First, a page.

Original Rasta Recordings 1955-1969

The following is a mix of some of the earliest recordings with themes relating to aspects of Rastafari, touching on some mento rhythms, moving on into the ska era, and on out into the early reggae and proto-roots sounds...played broadly in order of oldest first...not complete of course, just some choice moments. 

Rastafari culture has always had a somewhat tense relationship with the popular recording industry of Jamaica, and there are still orthodox Rastas today who feel the two should never mix, but inevitably they did, and in my opinion the world is a richer place for it. What's more the persecution of Rastafarians made the expression of Rasta thinking on record a dangerous activity, that only becomes more explicit in gradual steps over the years. The tracks featured here run against the norms of popular Jamaican music at the time.

Track-by-track run down: beginning from the beginning with what is widely described as the first record with a Rasta ideology, 1955 style, dreaming of repatriation, Lord Lebby's Etheopia.

Next up more pre-independence vibes way back in 1958 from Laurel Aitken who went on to boss the ska era, often in a conscious style, here in Rasta mento mode. Lovely sax soloing against nyabinghi drumming on this record.

Count Ossie is a crucial figure in bringing authentic Rasta music to the recording studios and this is a beautiful early chant-along example of that - Babylon Gone - I wonder if this relates to Jamaican independence, waving goodbye to British colonialists?

Jamaican independence was won in 1962 and ushered in a new era in Jamaican music - the ska sound came alongside independence and echoed the optimism that self-determination brought. Ska was fundamentally the music of the dancehall and rum shop but there were artists who brought a roots and culture message to the sound. Two cuts here from Zoot Simms are great examples, both introduced in Amharic, Press Along subtly encouraging a Rasta freedom of expression - it being effectively a crime to express Rasta sentiments - followed by Golden Pen, which went on to be reinterpreted by Sylford Worker as a roots anthem in the 70s.

Keeping the churchical vocal style going is Laurel Aitken back again, riding high in a 1964 ska style, singing down the walls of Jericho, followed by an incredible number credited to Vernon Allen, wonderful minor key ska switching to major key bridge, topped with heavy vocals and a wonderful sax solo. Big big tune.

Next up two back to back from the kings of ska, The Skatalites. It is said that it was trombonist Don Drummonds influence that brought the Rasta message to the Skatalites repertoire... killer instrumental piece Addid Ababa first, driven by a wicked snare-scatter drum pattern, followed by an upfull vocal tribute to Marcus Garvey...sung by one Delroy Bongoman Byfield.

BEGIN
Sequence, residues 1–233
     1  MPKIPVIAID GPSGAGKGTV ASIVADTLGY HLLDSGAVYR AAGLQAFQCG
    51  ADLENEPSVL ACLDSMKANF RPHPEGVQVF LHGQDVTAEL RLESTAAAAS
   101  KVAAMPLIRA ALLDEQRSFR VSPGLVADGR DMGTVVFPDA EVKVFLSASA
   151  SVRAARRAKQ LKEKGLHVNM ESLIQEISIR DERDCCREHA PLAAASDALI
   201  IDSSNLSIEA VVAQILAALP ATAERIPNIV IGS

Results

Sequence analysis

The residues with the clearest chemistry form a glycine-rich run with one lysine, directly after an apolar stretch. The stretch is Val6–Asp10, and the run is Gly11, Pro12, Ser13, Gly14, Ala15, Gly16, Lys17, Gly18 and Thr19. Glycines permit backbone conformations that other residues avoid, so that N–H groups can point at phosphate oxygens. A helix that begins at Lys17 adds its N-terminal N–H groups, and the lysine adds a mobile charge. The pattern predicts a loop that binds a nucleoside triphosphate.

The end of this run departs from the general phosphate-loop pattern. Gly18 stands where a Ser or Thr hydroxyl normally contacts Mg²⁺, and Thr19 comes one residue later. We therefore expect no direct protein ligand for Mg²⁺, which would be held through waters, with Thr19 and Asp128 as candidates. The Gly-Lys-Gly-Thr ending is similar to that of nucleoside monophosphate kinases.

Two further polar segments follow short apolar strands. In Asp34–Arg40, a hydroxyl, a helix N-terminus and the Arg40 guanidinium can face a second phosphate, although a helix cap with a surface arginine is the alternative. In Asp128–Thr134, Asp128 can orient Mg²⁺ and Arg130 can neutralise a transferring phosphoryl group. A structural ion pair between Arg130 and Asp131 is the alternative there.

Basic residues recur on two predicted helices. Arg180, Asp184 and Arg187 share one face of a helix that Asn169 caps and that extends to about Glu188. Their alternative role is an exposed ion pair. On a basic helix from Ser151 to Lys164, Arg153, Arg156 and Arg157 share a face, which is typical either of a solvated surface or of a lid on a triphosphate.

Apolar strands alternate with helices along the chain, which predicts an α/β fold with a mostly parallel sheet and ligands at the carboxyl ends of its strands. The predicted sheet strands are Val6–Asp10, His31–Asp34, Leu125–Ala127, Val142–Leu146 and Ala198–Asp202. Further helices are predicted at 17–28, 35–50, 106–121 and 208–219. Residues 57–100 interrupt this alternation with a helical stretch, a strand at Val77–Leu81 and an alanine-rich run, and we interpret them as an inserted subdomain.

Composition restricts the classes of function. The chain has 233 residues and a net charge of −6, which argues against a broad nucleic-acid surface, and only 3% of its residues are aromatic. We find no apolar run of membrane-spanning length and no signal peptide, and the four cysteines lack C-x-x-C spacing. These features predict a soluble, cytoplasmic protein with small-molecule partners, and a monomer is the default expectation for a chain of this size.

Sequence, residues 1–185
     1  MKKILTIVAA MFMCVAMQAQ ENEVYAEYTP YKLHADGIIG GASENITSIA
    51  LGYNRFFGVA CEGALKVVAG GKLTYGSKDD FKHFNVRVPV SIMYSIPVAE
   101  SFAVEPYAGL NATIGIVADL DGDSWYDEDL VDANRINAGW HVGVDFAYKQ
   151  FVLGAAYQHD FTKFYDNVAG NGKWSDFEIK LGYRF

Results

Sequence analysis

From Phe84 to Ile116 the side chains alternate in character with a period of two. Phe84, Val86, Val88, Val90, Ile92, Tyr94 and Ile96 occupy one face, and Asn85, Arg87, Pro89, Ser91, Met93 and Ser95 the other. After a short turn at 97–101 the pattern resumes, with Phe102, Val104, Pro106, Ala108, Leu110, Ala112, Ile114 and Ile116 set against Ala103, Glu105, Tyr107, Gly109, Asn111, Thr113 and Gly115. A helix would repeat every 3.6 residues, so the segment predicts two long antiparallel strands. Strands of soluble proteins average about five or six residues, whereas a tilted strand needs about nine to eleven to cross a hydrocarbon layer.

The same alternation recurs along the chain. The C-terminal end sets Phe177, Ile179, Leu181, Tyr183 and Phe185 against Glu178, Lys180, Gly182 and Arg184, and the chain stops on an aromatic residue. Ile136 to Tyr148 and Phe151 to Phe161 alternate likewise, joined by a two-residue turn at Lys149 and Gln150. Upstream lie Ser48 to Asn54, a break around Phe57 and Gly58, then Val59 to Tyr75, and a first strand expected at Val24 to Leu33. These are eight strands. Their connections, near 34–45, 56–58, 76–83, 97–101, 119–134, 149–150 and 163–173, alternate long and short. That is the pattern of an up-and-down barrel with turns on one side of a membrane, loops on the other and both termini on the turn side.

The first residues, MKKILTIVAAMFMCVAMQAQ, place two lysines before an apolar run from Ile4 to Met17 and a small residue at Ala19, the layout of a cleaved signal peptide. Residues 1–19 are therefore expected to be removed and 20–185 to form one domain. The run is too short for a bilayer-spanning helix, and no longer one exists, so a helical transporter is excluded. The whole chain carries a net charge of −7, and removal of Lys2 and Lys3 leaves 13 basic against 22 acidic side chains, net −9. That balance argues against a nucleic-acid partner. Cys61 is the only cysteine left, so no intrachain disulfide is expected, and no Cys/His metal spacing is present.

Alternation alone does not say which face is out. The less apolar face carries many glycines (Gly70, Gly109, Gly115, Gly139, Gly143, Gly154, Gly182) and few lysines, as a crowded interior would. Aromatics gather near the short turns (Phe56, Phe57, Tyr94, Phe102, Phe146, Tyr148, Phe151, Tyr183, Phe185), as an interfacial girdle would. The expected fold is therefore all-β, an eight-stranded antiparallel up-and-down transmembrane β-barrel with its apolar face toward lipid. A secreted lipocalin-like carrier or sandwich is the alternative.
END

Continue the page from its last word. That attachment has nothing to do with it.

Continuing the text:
In comes Delroy Wilson, aged just 13, giving his take on the immortal lines The Lion of Judah Shall Break Every Chain & Give Us The Victory Again & Again over a rocksteadyish ska track, followed by a serious instrumental take on the Lion of Judah theme by Prince Busters band - another hard-to-top minor key ska instrumental that one.

Peter Tosh vocals on a classic Wailers piece next, mixing rude boy attitude with a Rasta message...Rasta Shook Them Up, Easy as That!... followed by the man Prince Buster himself on the microphone coming with some serious cultural lyrics over a heavy rock steady beat - not what you usually associate with Prince Buster but delivered with pure conviction.

Third time around for Laurel Aitken showing his longevity, this time on a 1969 early organ reggae piece, hailing Selassie, whose visit in '66 created so much momentum for the Rastafari movement. The Reggae Boys cut Selassie also from '69 is a Lee Perry production in a similiar theme, followed by another Perry production, the very rootsy Earth Ruler cut led by U-Roy, his debut in fact, whose backing track fundamentally sounds like a slowed down version to the previous Reggae Boys piece. 

Finishing this set with the Abyssinians masterpiece Satta Massagana. When you place that tune into the context of its contemporaries it really was way ahead of its time, and rightly became hugely influential in the roots sound that would flourish in the near future of the 70s. Hard to get away from how important that record is, and to some extent its a marker of the end of one era of Jamaican music and the beginning of another...

Big thanks to Littleseb, Ringo and the Pama forum crew for helping compile this one.

Original Rasta Recordings  1955-1969

Etheopia - Lord Lebby and The Jamaican Calypsonians 1955
Night Fall In Zion  - Laurel Aitken 1958
Babylon Gone - Count Ossie & The Wareikas 1962
Press Along - Zoot Simms 1963
Golden Pen - Zoot Sims 1963
Jericho - Laurel Aitken 1964
Babylon - Vernon Allen 1964
Addis Ababa - The Skatalites 1965
Marcus Garvey - The Skatalites 1965
The Lion of Judah - Delroy Wilson 1966
Lion Of Judah - Buster's All Stars 1966
Rasta shook them up - The Wailers 1966
Free love - Prince Buster 1967
Haile Selassie - Laurel Aitken 1969
Selassie - The Reggae Boys 1969
Rightful Ruler -  U Roy & Peter Tosh 1969
Satta Massagana - The Abyssinians 1969

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